Nevertheless, the line connecting Jordan to Phair is clear enough that they were recently paired together for an interview, as a kind of summit between an established icon and a budding star. Not only do Jordan and Phair share the same record label, Matador, but they similarly attracted rapturous press attention early in their careers due, at least in part, to their age and gender. Willingly or not, Jordan has been cast in the same “women in indie” figurehead role that Phair was saddled with at the time of Guyville.
When I spoke with Jordan this spring for my podcast — yes, I’ve also contributed to the Snail Mail hype machine — she immediately expressed frustration with this media narrative. “It gets in my head a lot, and mostly just annoys me,” she admitted. “I take a lot of pride in my work. I’m just a songwriter before anything else. It’s mostly the categorization of Snail Mail being this woman-centric rock outfit that has everything to do with my age, gender, and sexuality, and nothing to do with the music… [It] feels like a pat on the back that I don’t want, for things I can’t control.”
Based on our 30-minute interview, I found Jordan to be really likable, naturally funny, and surprisingly self-possessed about her burgeoning career and how the press was already shaping her public persona. Her instinct to push back seemed healthy, not just for her art but her own sense of well-being.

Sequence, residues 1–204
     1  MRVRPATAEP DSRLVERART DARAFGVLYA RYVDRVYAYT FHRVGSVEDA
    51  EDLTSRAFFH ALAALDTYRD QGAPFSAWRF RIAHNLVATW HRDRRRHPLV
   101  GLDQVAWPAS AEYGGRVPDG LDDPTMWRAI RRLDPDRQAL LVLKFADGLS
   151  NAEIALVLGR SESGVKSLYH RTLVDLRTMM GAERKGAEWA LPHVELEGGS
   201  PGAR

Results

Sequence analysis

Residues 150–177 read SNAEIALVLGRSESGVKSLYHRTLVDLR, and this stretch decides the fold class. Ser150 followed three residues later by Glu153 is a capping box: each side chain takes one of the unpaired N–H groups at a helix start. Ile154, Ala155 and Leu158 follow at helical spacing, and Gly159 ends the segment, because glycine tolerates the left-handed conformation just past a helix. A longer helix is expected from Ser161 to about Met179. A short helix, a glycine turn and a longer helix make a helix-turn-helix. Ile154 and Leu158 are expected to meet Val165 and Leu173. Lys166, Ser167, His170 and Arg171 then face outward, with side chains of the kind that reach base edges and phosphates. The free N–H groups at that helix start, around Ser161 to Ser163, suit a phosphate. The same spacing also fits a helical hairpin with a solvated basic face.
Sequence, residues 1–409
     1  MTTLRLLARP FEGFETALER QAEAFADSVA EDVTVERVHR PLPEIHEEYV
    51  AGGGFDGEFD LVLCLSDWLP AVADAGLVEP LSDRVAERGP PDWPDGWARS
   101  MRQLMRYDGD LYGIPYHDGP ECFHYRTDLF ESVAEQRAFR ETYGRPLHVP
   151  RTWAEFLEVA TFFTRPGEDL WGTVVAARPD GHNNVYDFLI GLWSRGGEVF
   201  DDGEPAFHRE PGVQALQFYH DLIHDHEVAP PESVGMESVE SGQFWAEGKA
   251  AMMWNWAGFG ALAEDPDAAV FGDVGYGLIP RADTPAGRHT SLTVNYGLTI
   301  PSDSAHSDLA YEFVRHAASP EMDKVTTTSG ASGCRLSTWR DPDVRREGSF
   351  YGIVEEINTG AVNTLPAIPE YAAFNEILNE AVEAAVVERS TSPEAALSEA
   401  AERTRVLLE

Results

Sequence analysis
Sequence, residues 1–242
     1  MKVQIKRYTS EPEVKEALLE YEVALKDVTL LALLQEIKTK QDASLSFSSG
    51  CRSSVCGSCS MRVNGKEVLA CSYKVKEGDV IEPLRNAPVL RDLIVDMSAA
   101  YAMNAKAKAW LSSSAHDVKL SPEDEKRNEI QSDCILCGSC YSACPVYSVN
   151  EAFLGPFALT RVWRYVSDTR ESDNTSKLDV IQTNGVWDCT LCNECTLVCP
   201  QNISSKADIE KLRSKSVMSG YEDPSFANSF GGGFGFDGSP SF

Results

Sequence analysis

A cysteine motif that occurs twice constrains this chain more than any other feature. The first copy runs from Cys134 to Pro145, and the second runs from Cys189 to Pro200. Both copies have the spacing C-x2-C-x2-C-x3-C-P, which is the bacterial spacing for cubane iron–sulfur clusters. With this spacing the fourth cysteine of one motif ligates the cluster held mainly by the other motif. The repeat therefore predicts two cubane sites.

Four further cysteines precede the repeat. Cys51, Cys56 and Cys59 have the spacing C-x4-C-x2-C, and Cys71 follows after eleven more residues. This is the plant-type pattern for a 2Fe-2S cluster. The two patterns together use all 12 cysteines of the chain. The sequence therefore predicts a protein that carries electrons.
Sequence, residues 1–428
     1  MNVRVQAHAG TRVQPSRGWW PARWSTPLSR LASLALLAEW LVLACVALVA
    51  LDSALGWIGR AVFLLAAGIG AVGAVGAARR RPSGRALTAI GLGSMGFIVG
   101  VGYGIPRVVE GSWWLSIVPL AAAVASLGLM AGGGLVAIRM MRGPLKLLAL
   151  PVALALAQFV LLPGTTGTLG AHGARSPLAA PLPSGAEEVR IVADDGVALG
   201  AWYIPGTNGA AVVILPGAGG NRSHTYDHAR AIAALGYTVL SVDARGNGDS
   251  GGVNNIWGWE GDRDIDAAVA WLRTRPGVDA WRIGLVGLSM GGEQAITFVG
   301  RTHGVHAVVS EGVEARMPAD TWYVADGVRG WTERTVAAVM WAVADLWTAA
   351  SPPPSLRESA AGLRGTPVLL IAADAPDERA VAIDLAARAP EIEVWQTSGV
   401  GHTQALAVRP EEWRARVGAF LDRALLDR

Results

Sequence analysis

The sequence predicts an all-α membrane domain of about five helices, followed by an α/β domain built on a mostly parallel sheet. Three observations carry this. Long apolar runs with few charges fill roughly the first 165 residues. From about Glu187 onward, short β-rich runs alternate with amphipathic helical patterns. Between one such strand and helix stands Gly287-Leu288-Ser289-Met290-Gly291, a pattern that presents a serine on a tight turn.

The fact is, Jordan is a kid, and she’s likely still evolving into the great artist she will hopefully one day become. Unlike Guyville,Lush isn’t a major statement. Phair was in her mid-20s when she made that album — young by most standards, but a wizened sage compared with Jordan. At times it’s apparent she still has much to learn. The two closing tracks, “Deep Sea” and “Anytime,” are meandering strummers that fail to deliver satisfying payoffs, setting the back-half of the record adrift. Overall, the album could stand to be looser, less solemn, more like Jordan is in conversation.
But there’s enough good on Lush to suggest that Jordan will get there on subsequent records. Her potential is immense. Jordan’s affection for huge choruses pays dividends on “Pristine,” which rides stunning Daydream Nation-style guitar tones to a thrashing emotional peak. Jordan goes even huger on “Stick,” a low-fi romcom ballad with a soaring, cathartic climax. The jangly “Let’s Find An Out” shows she can also scale-down, with a perfect early-summer, post-high school love song. “You’re always coming back a little older / But it looks alright on you,” she sings. “Older” for Jordan at this point is the positively geriatric age of 21. With a start as promising as Lush, it’s thrilling to imagine what she’ll be doing by then.